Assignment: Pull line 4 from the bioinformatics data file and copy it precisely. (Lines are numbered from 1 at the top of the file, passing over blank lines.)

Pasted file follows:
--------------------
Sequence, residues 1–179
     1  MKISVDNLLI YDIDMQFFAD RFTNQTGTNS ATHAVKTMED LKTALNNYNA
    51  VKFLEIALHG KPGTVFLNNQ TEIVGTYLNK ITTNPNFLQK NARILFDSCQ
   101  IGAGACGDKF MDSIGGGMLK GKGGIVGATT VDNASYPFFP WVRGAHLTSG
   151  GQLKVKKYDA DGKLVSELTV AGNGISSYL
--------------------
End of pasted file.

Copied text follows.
   101  IGAGACGDKF MDSIGGGMLK GKGGIVGATT VDNASYPFFP WVRGAHLTSG